Film cameras were traditionally manufactured by discrete assembly, which means each component was fabricated as an individual item, tested if necessary, and then assembled into the final working product. The advent of solid state imaging did little to change this approach. The film was merely replaced by a light-sensitive electronic component. The only significant change was that the mechanical shutter was rendered obsolete and its action generated electronically within the imager die.
Film and solid state cameras co-existed happily until 2001 when the first mobile phone incorporating a camera was introduced. Solid state cameras are now found in cars, trucks, toys, laptops, net books, machine tools, security systems, etc. In less than 10 years, the number of solid state cameras produced annually has exploded from tens of thousands to billions.
By far the largest market for solid state cameras remains mobile platforms, principally cell phones and compact digital still cameras. These markets are extremely fashion-conscious and the current vogue is for extreme thinness. While the discrete approach to manufacturing camera modules has thus far been able to deliver smaller and cheaper, that may not be possible in the future. The laws of physics limit the dimensions to which the camera module can be shrunk, while there is a finite amount of cost that can be squeezed out of a supply chain that manufactures a plethora of discrete parts and assembles them into a product. The solution to both of these problems is to switch to wafer level manufacturing.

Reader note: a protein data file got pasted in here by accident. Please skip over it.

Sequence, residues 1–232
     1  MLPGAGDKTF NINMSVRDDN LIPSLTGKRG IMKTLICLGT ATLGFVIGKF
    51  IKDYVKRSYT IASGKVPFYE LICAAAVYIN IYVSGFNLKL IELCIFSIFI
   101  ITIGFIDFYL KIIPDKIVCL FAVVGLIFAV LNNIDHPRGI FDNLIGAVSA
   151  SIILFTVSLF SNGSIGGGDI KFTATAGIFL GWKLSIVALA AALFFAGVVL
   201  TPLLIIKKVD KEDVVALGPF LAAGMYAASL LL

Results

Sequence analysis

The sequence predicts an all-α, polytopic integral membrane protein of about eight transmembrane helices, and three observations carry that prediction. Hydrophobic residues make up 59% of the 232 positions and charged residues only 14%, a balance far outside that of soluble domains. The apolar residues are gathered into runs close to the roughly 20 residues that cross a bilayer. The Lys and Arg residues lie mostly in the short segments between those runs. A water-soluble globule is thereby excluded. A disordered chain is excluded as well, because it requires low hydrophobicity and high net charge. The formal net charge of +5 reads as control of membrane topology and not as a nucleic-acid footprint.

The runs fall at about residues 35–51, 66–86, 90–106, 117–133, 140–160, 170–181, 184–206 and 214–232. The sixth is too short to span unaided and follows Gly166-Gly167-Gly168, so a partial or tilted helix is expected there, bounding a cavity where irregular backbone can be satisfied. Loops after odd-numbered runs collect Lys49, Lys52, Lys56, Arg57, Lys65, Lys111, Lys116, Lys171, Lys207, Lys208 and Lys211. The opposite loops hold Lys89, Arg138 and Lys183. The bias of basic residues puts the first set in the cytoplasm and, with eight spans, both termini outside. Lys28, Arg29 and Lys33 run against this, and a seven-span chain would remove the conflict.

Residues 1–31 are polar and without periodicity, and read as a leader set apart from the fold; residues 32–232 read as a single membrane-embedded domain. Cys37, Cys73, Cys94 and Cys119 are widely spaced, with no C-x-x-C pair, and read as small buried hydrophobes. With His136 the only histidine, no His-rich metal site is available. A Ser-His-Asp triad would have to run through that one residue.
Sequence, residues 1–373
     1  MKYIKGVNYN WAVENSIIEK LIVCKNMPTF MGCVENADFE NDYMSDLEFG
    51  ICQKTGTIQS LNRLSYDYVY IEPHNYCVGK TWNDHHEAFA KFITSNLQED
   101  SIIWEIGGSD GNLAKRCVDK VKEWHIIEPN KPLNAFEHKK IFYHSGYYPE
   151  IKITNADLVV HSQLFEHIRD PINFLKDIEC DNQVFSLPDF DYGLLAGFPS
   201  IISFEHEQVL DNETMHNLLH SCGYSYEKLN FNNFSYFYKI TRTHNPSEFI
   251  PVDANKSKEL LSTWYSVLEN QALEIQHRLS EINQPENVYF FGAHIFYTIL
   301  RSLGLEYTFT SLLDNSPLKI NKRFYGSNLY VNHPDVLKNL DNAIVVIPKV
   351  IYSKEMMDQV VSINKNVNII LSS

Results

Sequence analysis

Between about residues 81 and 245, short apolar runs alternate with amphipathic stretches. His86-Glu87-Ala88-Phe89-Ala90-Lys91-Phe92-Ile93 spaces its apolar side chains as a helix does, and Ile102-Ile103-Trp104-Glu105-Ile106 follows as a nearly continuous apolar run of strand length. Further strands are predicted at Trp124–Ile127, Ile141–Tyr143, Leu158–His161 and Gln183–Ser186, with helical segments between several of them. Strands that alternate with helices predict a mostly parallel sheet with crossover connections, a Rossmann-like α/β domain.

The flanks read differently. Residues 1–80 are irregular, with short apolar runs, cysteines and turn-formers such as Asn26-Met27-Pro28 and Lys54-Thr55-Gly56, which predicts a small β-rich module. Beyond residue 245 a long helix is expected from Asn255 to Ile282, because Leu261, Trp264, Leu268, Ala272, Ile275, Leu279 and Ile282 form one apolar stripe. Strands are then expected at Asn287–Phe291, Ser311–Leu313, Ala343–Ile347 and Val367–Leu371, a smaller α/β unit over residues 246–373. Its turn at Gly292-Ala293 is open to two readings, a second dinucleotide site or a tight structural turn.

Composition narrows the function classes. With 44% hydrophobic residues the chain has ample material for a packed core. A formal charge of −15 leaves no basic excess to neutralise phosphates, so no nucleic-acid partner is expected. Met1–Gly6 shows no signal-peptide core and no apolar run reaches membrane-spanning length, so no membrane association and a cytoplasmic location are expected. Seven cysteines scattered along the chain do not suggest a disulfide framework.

A wafer level camera has three principal components: the image sensor, the housing for the image sensor, and the optical train.
Image sensors used for wafer-level cameras differ from conventional camera sensors in one important regard – pixel dimensions. Camera module height is strongly influenced by pixel size. In modern camera phones, sensors with 1.4μm pixels are common, and most imager companies show roadmaps out to at least 0.9 μm.
One consequence of using imagers with very tiny pixels is that camera module yield can suffer badly from particle contamination. Even a Class 10 clean room environment, working to specification, contains particles that are large enough to cause black pixels if they get lodged on the sensor surface. The solution to this problem is to enclose the sensor die in a protective housing as the very first step of camera module manufacture. Discrete packaging would be prohibitively expensive. However, with approximately 3,000 die on an imager wafer, a wafer level approach results in a package cost of a few cents per die.
Wafer Level Packaging
Wafer-level packaging of image sensors is conducted as follows (Figure 1). First, a picture frame seal of adhesive is placed around the optically active area on each die. Next a cover glass is attached. Finally the wafer is diced to free individually packaged die.
The wafer-level package provides two very important benefits to camera phones. Obviously, the package provides protection from the ambient environment (humidity, salt etc.) and any dirt that does land on the cover glass is removed from the focal plane, causing no defect in the image. Second, the perfectly flat glass lid of the package is an ideal substrate for attaching the camera optics.